The Rio Grande is disappearing. Demand for water is growing as snow packs shrink, rain patterns shift and average temperatures rise faster than they ever have in the past 11,000 years.Read more
For four days, dead and dying fish have washed ashore at the boat ramp at the mouth of the Pecos River.
The one advantage of the temperatures dropping near freezing every night was the stench of the rotting gar, largemouth bass, crappie, sunfish, shad and minnows was not too bad. The layer of slime that was growing on the cement ramp, however, was a bit treacherous.
I took it as a sign it was time to go home. After spending two month on the river there is gear, relationships and injuries to mend. I also have to work out the logistics for the last 600 miles to work out.
I want to say thank you to Erich Schlegel, Jason Jones, David Lozano and Dan DiBona for their help, advice and companionship in getting from El Paso to Big Bend. That was the most difficult reach of the Rio Grande to travel and it took a toll on all of us.
I’ll head back to the confluence of the Pecos and Rio Grande on December 2 with photographer Mike Kane. We have talked about this project for more than five years. It’s a dream to be able to work with him. Wait until you see what he can do with a portrait.
The other advantage of heading back to the world of heated rooms with reliable phone and internet service is that it is easier to figure out what is going on.
It turns out fish have died en masse in the salty Pecos River since at least 1985 due to golden alga, Prymnesium parvum, according to the Texas Parks and Wildlife Department.
Not much is known about the single-cell microscopic alga. It is found in salty and brackish water around the world. Texas biologists were the first to identify it in the Western Hemisphere in fresh water on the Pecos. It has since been found in the Brazos, Canadian, Colorado and Red River basins.
It is believed that golden alga produces a toxin to make catching bacteria and other alga, which the plant then eats, easier.
The problem for fish is that when the population of the golden alga grows exponentially, for reasons that are not understood, the toxin starts to kill the cells of their gills and internal organs one layer at a time.
“Fish behave as if there is not enough oxygen in the water,” said the TWPD website. “They travel at the top of the water surface or rest on the bottom in edges and shallow areas.”
That’s exactly what Hugh Fitzsimons, a supporter of this project, and I saw as we explored the flat water of the Pecos on Wednesday.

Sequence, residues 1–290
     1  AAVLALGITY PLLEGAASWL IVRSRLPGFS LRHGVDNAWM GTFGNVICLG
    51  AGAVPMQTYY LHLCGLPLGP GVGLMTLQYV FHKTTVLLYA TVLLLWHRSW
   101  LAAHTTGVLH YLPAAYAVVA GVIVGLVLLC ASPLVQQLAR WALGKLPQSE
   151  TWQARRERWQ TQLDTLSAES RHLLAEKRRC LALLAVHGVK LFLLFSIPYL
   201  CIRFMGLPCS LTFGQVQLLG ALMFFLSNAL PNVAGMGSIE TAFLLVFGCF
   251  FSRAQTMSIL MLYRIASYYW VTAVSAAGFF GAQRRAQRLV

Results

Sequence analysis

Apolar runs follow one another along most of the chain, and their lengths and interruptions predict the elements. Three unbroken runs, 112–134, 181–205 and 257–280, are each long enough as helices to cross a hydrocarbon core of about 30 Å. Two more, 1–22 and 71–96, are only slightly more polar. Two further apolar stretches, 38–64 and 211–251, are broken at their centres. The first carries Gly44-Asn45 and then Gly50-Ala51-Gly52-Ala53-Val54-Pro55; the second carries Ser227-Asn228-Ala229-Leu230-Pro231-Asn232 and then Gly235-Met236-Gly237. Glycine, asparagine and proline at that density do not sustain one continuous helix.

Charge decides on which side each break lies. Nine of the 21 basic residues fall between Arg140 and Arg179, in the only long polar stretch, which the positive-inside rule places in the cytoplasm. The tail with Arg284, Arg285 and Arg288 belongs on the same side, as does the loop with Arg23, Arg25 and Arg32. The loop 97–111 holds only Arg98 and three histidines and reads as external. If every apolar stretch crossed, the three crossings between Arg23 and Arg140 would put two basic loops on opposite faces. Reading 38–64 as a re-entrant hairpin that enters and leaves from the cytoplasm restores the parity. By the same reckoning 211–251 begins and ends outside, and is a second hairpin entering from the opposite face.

The fish were scattered over 3 miles of the wide river. Some were floating belly up. Others were on their side with one fin slowly flapping above the water. Lucky for us, the toxin of the golden alga does not seem to have any impact on mammals or birds.
We saw close to a dozen ospreys dining on the fish along with a growing crowd of vultures.
It was good day for them, but I had enough of paddling amongst dead fish and hitched a ride home with Hugh.
Disclosure: Hugh Fitzsimons is a major donor to The Texas Tribune. A complete list of Tribune donors and sponsors can be viewed here.
To comment on this post or ask a question, please visit the expedition's Facebook page.
As they travel, Colin and Erich are taking water samples for the following periodic water quality tests. In partnership with The Meadows Center for Water and the Environment’s Texas Stream Team Program at Texas State University, the results will be added to a public database it helps maintain for research and monitoring water quality.
To report on and understand the haphazard irrigation system the Rio Grande has become and the changes it is going through, Colin decided the best approach would be to travel the length of the Rio Grande by foot and small boat.
He knew it would give him a unique perspective on a river that few understand. It did require many long days of moving slowly and camping on muddy riverbanks, but Colin likes that sort of thing.
The benefit was it provided access to people who wanted to share their stories and experiences with the Rio Grande. Via Facebook and chance encounters, Colin made instant friends who opened their homes. They provided help from loaning their trucks to their cell phone contact lists to help tell the story of the Rio Grande.
The trip would not have been possible without their help, along with the dedicated assistance of David Lozano, Jason Jones and Daniel Dibona, who drove thousands of miles to get people and boats in place.